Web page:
That “unofficial role” is not to be found in the Constitution, but generations of activist judges have asserted this role for the Court. Even some of the justices seem troubled by this kind of judicial supremacy. Justice Ruth Bader Ginsburg, one of the Court’s liberal jurists, has warned that the Court harmed its credibility in 1973 when it handed down the Roe v. Wade decision mandating the legalization of abortion in all fifty states. Ginsburg is an ardent defender of abortion rights, but she felt that the Court terminated a political process that would have led to her desired result. Columbia Law School professor Jamal Greene told The New Yorker that Ginsburg “fundamentally does not believe that large-scale social change should come from the courts.” We shall see.
Justice Anthony Kennedy, widely thought to be a crucial swing vote on this question recently told a group in Sacramento: “A democracy should not be dependent for its major decisions on what nine unelected people from a narrow legal background have to say.” Nevertheless, it was Kennedy who wrote the sweeping decision for gay rights in the 2003 case, Lawrence v. Texas.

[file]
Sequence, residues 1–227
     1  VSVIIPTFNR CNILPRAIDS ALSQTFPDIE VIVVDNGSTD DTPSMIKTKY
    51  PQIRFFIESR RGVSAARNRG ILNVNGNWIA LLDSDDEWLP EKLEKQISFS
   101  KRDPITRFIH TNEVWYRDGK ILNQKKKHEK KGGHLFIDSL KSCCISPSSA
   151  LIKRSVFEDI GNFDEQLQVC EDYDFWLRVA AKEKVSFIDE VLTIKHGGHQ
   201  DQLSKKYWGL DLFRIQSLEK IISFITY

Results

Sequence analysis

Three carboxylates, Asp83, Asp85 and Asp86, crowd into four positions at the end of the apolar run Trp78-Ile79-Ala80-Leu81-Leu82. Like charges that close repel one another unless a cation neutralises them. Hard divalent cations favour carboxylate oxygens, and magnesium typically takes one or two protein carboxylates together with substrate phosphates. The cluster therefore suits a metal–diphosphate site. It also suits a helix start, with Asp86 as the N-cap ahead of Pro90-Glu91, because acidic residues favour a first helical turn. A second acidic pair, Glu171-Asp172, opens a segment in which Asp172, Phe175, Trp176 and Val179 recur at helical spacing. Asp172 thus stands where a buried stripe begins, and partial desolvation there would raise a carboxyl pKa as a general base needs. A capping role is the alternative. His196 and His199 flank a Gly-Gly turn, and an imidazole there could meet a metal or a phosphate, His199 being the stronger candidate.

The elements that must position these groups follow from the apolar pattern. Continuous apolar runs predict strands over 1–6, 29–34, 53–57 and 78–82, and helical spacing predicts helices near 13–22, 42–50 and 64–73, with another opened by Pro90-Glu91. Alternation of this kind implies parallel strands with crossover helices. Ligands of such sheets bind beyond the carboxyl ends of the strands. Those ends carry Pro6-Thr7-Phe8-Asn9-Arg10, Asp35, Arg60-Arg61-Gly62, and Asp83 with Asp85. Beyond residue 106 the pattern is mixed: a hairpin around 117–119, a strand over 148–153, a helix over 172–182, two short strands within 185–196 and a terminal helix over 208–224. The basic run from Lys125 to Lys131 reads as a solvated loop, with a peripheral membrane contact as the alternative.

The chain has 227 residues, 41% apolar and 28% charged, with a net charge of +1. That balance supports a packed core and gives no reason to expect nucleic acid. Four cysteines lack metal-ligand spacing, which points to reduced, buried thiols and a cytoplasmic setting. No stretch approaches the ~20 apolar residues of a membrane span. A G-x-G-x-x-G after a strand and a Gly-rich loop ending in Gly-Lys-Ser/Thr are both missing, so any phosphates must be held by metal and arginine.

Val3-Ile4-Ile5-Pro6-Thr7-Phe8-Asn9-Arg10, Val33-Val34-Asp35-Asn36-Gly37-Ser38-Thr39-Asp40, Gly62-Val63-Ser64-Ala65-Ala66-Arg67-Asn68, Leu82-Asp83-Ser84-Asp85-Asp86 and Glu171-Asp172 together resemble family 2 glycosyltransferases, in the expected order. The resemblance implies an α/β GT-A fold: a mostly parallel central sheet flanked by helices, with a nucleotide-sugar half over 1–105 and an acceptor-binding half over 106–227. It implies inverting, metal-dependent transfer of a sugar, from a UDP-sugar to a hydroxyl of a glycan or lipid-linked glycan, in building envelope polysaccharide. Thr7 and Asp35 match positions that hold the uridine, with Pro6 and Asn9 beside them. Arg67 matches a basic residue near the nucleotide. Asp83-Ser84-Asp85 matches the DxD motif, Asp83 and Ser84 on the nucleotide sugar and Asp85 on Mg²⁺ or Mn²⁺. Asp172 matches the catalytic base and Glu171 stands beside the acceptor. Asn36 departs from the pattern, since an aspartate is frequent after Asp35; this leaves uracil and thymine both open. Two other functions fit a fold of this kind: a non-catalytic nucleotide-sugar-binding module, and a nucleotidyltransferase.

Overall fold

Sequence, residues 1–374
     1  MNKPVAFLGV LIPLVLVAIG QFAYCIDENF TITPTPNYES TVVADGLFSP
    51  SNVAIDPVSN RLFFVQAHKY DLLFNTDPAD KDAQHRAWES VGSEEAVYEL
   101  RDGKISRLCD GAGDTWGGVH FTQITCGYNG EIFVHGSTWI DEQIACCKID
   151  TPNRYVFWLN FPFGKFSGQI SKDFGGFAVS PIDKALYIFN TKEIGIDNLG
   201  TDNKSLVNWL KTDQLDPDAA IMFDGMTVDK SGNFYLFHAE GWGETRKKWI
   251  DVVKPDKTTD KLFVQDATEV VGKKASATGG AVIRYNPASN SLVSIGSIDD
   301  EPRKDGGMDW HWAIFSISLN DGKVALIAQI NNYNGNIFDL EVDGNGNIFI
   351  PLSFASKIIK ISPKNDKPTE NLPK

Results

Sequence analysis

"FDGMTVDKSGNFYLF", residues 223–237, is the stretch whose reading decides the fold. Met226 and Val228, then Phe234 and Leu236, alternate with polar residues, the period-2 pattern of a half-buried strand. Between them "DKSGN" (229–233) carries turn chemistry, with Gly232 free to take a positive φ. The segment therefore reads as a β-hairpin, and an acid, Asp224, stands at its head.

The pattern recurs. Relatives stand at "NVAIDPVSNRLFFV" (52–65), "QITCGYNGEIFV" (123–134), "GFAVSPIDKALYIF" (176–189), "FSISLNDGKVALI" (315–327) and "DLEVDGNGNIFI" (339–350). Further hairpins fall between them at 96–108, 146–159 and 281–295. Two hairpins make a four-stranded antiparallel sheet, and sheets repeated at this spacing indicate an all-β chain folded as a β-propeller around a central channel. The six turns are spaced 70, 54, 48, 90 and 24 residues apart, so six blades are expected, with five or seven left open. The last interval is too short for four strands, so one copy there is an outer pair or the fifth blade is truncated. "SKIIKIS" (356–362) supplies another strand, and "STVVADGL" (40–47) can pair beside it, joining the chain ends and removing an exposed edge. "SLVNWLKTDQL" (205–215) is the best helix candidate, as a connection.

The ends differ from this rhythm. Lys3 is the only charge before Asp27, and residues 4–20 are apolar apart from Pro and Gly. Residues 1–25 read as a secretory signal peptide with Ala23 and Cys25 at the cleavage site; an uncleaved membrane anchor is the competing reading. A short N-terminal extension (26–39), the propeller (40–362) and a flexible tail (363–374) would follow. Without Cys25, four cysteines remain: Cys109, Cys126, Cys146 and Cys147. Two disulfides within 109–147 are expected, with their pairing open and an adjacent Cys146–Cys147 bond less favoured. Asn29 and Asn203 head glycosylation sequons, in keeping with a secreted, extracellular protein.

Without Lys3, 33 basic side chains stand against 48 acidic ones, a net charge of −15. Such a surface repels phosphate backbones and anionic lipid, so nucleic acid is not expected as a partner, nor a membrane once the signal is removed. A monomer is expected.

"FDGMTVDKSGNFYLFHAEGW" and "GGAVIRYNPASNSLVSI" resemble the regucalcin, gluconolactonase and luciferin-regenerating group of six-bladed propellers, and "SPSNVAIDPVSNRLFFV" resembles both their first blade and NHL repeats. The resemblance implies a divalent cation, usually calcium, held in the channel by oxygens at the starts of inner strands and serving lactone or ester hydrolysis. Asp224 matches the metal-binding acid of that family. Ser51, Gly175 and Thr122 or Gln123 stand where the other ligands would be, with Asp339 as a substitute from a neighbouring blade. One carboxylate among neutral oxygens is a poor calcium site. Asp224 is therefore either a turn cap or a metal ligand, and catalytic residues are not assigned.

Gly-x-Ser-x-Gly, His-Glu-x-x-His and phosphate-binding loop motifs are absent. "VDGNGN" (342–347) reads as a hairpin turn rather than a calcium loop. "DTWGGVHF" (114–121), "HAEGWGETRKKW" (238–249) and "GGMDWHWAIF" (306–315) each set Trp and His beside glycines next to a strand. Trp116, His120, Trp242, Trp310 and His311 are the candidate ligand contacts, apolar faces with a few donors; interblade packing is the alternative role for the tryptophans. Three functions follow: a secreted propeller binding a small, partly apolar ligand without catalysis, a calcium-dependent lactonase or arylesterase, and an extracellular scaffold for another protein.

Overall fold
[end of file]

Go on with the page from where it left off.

From the Court’s conservative wing, Justice Antonin Scalia has commented: “It is one of the unhappy incidents of the federal system that a self-righteous Supreme Court, acting on its Members’ personal view of what would make a ‘more perfect union’ … can impose its own favored social and economic dispositions nationwide.”
No one knows yet how the Court will decide these cases. But this much is clear — the future of marriage in our society is very much at stake. We can hope and pray that the justices will protect marriage and honor its historic reality, but there is reason to believe that huge challenges will face us in the aftermath of the Court’s rulings.
For Christians, the issue of marriage is not merely a legal or constitutional issue. The Bible reveals marriage to be the sacred union of a man and a woman for a lifetime. The goods of marriage are revealed to be intimacy, union, companionship, friendship, procreation, children, and a host of related gifts. Christians must see marriage as essential for human flourishing and not open for human negotiation.
The very fact that the march for same-sex marriage has reached this point is telling. It reveals a fundamental confusion at the very heart of our society. The ideological support for same-sex marriage is deeply embedded in a host of ideas that are driving our society to the point of moral breakdown.
The U.S. Supreme Court may well decide the future of marriage as a legal institution, but the church must hold to marriage as far more, but not less than, a legal reality. Marriage is one of God’s most gracious gifts to humanity. It will be the Church’s responsibility to honor marriage, no matter what the Court may decide.
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Publication date: March 26, 2013